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European Shares Ease On Trade Concerns

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European stocks edged lower on Monday, with weak exports data from China and lingering U.S.-China trade worries keeping investors nervous.

Also, caution prevailed ahead of key developments this week, including the Federal Reserve's latest interest rate decision, new ECB boss Christine Lagarde's first policy meeting and the U.K. general election.

The pan European Stoxx 600 slipped 0.25 percent to 406.40 after rallying 1.2 percent on Friday.

The German DAX, France's CAC 40 index and the U.K.'s FTSE 100 all were down between 0.2 percent and 0.3 percent.

In an interview with France 3 television, French Finance Minister Le Maire said that France was ready to challenge U.S. President Trump's tariffs threat at the World Trade Organization (WTO).

"We are ready to take this to an international court, notably the WTO, because the national tax on digital companies touches U.S. companies in the same way as EU or French companies or Chinese. It is not discriminatory."

Swiss drug maker Roche edged down half a percent after announcing changes in the Board of Directors and the Corporate Executive Committee of the company.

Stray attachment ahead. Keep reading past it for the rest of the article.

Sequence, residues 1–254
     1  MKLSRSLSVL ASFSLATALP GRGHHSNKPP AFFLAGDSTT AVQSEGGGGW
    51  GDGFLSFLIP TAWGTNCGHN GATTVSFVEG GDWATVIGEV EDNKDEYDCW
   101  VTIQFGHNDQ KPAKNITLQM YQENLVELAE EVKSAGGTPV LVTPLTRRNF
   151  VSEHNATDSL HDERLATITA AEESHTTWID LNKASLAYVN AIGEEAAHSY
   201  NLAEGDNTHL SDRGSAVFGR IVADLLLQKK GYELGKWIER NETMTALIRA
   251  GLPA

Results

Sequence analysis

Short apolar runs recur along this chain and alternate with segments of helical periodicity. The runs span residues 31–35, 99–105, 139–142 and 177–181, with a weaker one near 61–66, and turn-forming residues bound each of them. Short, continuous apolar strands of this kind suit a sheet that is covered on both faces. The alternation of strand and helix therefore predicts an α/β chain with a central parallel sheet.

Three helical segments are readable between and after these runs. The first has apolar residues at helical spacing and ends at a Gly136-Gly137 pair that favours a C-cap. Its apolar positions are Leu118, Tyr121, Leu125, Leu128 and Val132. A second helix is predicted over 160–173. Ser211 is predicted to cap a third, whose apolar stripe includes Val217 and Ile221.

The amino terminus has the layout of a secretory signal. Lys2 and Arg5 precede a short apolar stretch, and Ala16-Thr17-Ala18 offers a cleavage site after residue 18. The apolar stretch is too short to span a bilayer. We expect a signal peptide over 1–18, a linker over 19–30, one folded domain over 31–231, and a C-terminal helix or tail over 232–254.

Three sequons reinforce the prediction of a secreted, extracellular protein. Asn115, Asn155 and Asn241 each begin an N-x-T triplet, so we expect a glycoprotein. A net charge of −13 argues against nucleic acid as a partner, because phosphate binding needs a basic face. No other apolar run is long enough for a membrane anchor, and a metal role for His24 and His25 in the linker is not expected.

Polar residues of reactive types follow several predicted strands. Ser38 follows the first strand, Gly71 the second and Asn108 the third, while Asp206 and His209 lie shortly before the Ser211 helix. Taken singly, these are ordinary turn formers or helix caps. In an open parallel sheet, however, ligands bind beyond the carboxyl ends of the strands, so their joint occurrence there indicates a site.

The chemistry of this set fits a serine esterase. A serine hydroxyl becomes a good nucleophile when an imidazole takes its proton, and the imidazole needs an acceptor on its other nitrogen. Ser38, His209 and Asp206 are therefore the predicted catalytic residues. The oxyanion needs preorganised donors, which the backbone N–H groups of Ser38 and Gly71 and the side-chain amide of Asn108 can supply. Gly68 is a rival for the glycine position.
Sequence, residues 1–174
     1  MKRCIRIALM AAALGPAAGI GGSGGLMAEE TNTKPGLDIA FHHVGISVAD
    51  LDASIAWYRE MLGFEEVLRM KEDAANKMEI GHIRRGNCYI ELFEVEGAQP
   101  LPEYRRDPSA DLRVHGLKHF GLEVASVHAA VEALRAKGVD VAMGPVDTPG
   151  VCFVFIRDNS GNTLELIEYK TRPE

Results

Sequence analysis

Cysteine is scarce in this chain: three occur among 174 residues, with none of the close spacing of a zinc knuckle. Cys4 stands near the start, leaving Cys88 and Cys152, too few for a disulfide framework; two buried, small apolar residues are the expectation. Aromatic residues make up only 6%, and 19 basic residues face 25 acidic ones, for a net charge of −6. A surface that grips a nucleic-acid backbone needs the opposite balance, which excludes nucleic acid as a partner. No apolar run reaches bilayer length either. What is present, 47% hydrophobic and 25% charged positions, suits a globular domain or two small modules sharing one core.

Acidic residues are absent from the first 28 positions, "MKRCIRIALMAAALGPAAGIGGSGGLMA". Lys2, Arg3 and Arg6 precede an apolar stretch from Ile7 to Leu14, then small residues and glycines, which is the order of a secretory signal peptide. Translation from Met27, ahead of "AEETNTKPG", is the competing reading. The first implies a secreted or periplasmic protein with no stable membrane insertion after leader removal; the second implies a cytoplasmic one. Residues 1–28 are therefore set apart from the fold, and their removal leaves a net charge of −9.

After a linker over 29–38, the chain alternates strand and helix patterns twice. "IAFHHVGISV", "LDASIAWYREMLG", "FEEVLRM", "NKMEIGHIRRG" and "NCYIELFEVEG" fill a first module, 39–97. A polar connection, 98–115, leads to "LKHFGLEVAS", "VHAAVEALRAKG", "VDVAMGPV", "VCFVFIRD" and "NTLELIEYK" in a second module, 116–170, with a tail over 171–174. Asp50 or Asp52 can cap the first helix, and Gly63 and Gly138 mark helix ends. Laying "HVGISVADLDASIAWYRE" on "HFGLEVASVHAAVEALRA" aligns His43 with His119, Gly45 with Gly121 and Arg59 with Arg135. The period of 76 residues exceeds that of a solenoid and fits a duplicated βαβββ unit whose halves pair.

United Internet recouped early losses after the German internet services company said it has decided to make a share buyback offer to its shareholders for a total of up to 9 million shares at a price of 29.65 euros per share.

Britain's biggest retailer Tesco jumped nearly 5 percent on news it is considering the sale of its stores in Thailand and Malaysia.

Tullow Oil shares slumped as much as 60 percent. The oil and gas explorer downgraded its production guidance for 2020, suspended its dividend and announced that chief executive Paul McDade and exploration director Angus McCoss had both stood down.

Pharma services company hVIVO soared 7.5 percent after announcing it has reached an agreement on the terms of a recommended offer to be made by Open Orphan Plc for the entire share capital of hVIVO.

Air France KLM gained 0.7 percent after reporting an increase in group traffic for November.

In economic releases, Germany's exports expanded unexpectedly, while imports remained flat in October, figures from Destatis revealed.

Exports grew 1.2 percent on a monthly basis in October, confounding expectations for a decline of 0.3 percent.

France's economic growth is expected to slow slightly in the fourth quarter, the Bank of France reiterated today.

The bank retained its GDP growth estimate for the final three months of 2019 at 0.2 percent, which is slower than the 0.3 percent expansion in the third quarter.

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